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Camp Adair History


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The Beginning

“In early 1941, when the War Department decided to build new training bases, experts looked around the country for places with 50,000 acres of land, a good water supply, adequate electrical power, and a railroad. The government considered several Willamette Valley sites in Oregon. The final choice for the camp location came down to Eugene or Corvallis. John H. Gallagher, Sr. an Oregon State University graduate and engineer, went to Washington, D.C. to lobby for the Corvallis location. The Army chose the Corvallis site in September 1941”

Quoted from the Benton County Museum website

Though it was something that was much needed by our nation, the building of the camp was not viewed as a blessing to most who had to evacuate. The Polk County Museum books tell the personal stories of the local people affected by the presence of the camp.

The area surrounding us has its own rich history. Indian tribes lived in the area until forced to the reservations. Coffin Butte is said to be an Indian burial ground. The hill to the south of Coffin Butte has a Spanish name that translates to “Poison Oak Hill”.

The Construction

“On February 24th, 1942, the bids were opened in Portland. Because of the size of the project (the plans alone weighed 130 pounds), and the quick deadline, several contractors were hired to work together. They had six months and 32 million dollars to complete the project. It was accomplished on time, and on budget. Being finished September 15th, 1942. In all there were 1,800 buildings, including 500 barracks, 11 chapels, 5 theaters, and 13 Post Exchanges, plus all the buildings to support them.”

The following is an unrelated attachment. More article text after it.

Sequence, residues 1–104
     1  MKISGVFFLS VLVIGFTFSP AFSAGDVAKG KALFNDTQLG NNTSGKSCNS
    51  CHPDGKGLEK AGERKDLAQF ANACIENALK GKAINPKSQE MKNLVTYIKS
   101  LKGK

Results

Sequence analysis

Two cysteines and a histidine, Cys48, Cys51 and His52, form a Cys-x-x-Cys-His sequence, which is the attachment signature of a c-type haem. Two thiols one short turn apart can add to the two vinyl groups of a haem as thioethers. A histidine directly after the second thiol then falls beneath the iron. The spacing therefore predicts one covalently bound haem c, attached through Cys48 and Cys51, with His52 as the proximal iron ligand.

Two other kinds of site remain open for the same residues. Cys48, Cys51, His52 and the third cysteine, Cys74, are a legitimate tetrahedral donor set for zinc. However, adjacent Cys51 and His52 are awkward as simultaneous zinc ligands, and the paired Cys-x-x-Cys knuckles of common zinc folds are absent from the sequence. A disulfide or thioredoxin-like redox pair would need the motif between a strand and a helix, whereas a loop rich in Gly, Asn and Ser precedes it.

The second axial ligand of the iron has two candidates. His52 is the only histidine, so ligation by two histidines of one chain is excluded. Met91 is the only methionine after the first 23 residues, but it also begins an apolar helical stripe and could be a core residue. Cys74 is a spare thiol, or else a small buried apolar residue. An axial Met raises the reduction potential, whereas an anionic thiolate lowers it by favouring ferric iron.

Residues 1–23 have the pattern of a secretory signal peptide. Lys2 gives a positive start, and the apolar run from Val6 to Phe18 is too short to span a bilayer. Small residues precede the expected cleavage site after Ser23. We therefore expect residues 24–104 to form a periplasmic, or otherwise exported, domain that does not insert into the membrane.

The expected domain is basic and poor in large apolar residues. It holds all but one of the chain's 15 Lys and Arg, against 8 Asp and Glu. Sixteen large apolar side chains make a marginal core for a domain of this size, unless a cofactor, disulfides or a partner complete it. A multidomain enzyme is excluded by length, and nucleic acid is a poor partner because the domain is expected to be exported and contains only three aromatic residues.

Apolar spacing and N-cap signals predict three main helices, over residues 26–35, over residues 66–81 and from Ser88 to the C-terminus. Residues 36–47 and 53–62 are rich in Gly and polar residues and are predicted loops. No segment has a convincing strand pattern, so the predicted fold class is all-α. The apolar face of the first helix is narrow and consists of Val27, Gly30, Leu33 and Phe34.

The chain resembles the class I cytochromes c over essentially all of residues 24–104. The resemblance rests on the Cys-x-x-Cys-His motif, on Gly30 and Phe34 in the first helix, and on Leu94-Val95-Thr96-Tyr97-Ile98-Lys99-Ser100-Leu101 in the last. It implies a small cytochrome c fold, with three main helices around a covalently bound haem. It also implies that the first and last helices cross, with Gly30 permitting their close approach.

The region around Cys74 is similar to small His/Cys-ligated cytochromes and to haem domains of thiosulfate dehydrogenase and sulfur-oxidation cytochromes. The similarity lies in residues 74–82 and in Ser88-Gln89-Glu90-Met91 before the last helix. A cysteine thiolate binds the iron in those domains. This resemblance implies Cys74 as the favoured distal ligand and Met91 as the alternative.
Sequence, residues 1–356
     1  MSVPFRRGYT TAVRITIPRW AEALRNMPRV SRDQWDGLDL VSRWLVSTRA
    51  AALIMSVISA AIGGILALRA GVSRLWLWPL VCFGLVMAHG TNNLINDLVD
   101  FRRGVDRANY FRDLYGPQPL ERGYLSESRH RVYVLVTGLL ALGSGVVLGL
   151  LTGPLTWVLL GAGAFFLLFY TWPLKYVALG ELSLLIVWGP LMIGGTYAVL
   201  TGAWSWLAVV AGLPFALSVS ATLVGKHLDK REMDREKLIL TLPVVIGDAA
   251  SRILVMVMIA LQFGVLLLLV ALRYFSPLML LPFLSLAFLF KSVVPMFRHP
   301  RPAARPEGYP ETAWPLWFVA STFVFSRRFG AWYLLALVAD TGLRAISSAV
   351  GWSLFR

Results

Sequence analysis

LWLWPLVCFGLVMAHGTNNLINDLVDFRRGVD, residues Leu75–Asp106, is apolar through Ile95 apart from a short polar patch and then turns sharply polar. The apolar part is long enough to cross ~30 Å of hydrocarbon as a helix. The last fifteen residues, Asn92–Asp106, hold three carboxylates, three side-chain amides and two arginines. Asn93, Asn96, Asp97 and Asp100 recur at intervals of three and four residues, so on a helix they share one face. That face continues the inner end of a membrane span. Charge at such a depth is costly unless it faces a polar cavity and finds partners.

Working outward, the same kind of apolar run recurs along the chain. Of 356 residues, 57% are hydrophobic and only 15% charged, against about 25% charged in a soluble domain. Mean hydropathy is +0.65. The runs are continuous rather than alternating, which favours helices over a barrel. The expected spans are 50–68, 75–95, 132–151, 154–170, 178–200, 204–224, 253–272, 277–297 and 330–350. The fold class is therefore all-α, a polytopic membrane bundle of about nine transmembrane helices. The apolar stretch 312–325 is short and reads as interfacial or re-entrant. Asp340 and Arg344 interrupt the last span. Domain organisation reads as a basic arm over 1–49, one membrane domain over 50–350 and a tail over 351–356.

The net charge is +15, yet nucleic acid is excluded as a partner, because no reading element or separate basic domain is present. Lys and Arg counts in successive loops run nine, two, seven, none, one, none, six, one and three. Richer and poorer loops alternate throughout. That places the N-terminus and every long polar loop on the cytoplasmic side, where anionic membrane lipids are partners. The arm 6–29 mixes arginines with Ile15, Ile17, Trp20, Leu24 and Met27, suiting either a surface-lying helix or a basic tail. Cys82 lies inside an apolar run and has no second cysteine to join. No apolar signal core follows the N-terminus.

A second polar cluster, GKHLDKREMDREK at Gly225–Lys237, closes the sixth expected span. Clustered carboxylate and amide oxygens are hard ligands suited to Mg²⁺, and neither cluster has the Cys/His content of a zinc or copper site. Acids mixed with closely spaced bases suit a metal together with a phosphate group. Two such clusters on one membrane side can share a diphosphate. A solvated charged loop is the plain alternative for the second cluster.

From John Baker’s book “Camp Adair”

On December 7th, 1941, the Japanese attack on Pearl Harbor, brought America into the Second World War. Needing more training bases for our rapidly expanding army, the area north of Corvallis, Oregon was selected as one that closely resembled areas of Europe where the troops would see future combat. Their recognition of the similarity in terrain and climate are being echoed today in this area’s growing wine industry.

The Divisions

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70th Infantry Division

The Trailblazers. Know as “Oregon’s Own”. The second division to be in the south section. The fir tree on their shoulder patch is in recognition of the 91st Division, from which they drew their officers and NCO’s. Organization Day was September 11,1943, Activation was on June 15, 1943. July 1944 they movedto Fort Leonard Wood. By the first part of December they were aboard ships heading to France.

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91st Infantry Division

The Powder River Division. Reactivated August 15, 1942 and trained at Camp White in Medford. After maneuvers in Bend, they were moved to Camp Adair on November 2, 1943, and were out of there by the end of March, 1944. This would make them the second division to be stationed in the north section. Departed for North Africa April, 1944.